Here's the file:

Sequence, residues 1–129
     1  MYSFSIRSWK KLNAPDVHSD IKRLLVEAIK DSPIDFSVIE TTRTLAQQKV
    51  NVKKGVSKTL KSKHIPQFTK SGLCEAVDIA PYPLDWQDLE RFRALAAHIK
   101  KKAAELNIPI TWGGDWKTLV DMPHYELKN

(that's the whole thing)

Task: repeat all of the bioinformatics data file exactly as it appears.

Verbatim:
Sequence, residues 1–129
     1  MYSFSIRSWK KLNAPDVHSD IKRLLVEAIK DSPIDFSVIE TTRTLAQQKV
    51  NVKKGVSKTL KSKHIPQFTK SGLCEAVDIA PYPLDWQDLE RFRALAAHIK
   101  KKAAELNIPI TWGGDWKTLV DMPHYELKN